Germany to speed up its COVID booster campaign

In Austria, the health ministry said it was tightening rules on entry to the country. As of Monday, only those with proof they have received three jabs or recovered from COVID-19 will be pernitted to enter the country. 

Those lacking a third booster will have to show negative PCR test results or quarantine for five days on arrival in Austria

Denmark announced it will close all cinemas, theaters and concert halls, and restrict restaurant opening hours over a record number of daily cases. The government also plans to close other gathering places such as amusement parks and museums.

"Theaters, cinemas and concert halls, they will have to close," Prime Minister Mette Frederiksen told a press conference. "We need to limit our activity. We all need to limit our social contacts," she added.

Portugal said it estimated infections due to omicron were doubling every two days and could account for 80% of all news cases by the end of December. "It may be of 50% in the Christmas week and 80% in the last week of the year," health minister Marta Temido told a news conference.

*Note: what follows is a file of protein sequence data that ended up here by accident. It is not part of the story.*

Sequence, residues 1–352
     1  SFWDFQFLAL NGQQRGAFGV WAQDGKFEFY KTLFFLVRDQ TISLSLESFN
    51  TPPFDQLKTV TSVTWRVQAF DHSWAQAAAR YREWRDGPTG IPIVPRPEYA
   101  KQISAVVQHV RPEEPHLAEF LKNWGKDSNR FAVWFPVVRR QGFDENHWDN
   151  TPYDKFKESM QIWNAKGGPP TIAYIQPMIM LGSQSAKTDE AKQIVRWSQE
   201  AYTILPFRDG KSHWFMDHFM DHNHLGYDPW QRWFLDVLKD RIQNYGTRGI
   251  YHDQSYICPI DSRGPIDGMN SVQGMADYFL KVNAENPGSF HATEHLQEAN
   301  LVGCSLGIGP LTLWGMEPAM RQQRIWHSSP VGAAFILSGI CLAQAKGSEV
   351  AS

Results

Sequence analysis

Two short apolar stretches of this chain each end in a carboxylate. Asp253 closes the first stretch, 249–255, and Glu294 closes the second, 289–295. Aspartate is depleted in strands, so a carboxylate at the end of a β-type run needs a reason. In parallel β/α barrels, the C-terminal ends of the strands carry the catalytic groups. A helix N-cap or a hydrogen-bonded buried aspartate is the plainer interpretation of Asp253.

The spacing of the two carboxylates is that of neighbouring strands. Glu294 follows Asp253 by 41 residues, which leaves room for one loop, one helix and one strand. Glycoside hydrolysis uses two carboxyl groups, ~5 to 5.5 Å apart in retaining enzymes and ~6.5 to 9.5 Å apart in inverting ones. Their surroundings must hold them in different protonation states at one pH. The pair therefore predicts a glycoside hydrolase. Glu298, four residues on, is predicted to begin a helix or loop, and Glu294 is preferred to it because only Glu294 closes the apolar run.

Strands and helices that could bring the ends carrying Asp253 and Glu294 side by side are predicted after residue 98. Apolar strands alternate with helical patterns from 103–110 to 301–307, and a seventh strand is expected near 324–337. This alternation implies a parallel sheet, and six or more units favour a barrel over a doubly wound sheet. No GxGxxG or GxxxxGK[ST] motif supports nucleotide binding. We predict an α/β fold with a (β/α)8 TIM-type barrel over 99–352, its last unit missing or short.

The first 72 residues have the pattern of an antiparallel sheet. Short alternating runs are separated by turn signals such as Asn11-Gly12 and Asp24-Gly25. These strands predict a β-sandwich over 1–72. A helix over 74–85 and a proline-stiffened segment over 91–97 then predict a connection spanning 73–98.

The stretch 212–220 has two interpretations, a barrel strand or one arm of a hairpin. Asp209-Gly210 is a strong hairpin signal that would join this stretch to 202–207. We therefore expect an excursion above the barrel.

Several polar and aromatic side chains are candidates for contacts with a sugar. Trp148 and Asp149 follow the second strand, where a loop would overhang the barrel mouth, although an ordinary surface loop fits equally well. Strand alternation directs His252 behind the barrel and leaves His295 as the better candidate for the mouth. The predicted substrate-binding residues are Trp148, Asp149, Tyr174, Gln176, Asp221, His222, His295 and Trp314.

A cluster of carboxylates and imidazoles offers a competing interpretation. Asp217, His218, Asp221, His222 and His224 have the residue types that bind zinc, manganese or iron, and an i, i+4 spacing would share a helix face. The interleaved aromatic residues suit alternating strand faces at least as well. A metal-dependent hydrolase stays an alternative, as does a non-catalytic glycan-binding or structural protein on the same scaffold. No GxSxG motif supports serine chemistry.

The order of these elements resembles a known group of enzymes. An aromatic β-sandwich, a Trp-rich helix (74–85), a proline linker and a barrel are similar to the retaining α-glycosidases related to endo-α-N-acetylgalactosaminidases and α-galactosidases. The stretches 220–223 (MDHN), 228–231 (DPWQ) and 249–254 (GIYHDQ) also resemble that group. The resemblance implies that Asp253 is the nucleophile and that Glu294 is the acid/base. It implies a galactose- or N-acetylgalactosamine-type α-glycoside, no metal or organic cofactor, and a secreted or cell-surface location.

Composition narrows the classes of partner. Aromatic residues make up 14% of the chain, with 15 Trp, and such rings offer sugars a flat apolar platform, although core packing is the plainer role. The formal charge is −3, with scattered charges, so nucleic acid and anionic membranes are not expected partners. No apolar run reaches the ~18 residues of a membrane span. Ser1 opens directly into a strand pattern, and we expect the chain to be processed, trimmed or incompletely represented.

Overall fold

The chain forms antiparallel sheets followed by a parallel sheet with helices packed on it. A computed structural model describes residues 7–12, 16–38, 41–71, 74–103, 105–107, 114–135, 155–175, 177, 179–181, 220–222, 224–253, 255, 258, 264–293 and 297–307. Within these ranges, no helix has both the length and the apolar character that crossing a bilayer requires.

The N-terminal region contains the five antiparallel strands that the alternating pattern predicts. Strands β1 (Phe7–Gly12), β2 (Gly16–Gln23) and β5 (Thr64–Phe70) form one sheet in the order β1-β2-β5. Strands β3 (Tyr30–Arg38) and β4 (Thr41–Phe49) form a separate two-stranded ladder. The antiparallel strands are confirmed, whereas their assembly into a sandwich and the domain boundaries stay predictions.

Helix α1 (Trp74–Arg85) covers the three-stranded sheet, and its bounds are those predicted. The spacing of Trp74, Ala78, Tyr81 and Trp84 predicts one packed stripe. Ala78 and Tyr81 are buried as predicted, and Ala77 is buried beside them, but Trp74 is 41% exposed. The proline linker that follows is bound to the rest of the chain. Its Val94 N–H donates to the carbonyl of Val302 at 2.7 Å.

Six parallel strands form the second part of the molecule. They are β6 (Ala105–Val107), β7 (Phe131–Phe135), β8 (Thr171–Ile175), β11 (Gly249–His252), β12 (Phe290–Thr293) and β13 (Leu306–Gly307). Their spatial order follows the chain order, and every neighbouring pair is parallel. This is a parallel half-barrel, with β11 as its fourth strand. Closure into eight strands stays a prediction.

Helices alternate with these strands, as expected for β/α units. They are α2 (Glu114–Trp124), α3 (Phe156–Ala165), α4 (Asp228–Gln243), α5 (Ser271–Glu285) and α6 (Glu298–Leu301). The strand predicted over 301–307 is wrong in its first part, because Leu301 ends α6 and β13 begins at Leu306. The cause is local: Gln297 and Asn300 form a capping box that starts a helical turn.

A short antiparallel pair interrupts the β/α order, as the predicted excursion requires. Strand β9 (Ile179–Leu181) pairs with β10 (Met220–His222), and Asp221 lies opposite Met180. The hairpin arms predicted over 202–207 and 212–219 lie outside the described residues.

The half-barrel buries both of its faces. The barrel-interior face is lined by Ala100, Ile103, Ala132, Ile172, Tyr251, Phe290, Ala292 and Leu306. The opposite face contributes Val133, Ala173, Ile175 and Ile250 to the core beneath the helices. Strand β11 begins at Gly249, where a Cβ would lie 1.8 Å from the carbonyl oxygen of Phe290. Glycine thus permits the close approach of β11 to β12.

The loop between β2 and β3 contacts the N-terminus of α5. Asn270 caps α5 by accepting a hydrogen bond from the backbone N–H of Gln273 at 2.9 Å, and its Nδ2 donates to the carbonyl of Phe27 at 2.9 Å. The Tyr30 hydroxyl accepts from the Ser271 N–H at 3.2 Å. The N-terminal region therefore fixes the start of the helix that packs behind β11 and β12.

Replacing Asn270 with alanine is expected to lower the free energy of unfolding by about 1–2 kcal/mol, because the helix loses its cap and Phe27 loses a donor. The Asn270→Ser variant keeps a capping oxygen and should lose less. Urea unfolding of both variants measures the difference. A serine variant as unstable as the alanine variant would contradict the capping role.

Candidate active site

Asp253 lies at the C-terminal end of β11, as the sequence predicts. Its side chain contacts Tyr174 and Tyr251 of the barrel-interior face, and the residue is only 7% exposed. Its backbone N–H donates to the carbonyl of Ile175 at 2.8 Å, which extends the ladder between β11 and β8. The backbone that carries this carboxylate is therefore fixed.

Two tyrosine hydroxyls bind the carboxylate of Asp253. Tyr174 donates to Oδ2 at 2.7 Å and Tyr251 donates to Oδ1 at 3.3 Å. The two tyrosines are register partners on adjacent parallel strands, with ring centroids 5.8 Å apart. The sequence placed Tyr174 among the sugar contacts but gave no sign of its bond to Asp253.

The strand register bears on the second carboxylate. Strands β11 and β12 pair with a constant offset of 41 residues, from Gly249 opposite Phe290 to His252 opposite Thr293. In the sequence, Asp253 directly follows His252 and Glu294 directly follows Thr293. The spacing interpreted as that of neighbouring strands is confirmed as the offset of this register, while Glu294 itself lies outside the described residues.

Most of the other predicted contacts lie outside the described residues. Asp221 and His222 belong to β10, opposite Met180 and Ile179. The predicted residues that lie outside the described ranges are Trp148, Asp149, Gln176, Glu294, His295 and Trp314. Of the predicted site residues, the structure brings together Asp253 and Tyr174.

The country, which has one of the world's highest rates of vaccination against COVID-19, reported 5,800 new infections on Wednesday in the highest daily jump since early February. Deaths and hospitalizations, however, remain far below levels seen during that period.

Vaccination champion Portugal

France banned concerts and fireworks displays on New Year's Eve.

Prime Minister Jean Castex called on people to limit the size of holiday gatherings this Christmas during a news conference in a bid to curb rising "fifth wave" infections.


The Australian state of New South Wales reported a record 2,213 new infections on Friday, the highest number since the pandemic began. However, state Premier Dominic Perrottet said he had no plans to return to the lockdowns and restrictions that were previously imposed to keep the spread of the virus in check, now that 93.3% of the eligible population is vaccinated.

The new peak followed the 1,742 cases reported in New South Wales state on Thursday, which had topped the previous record set in September.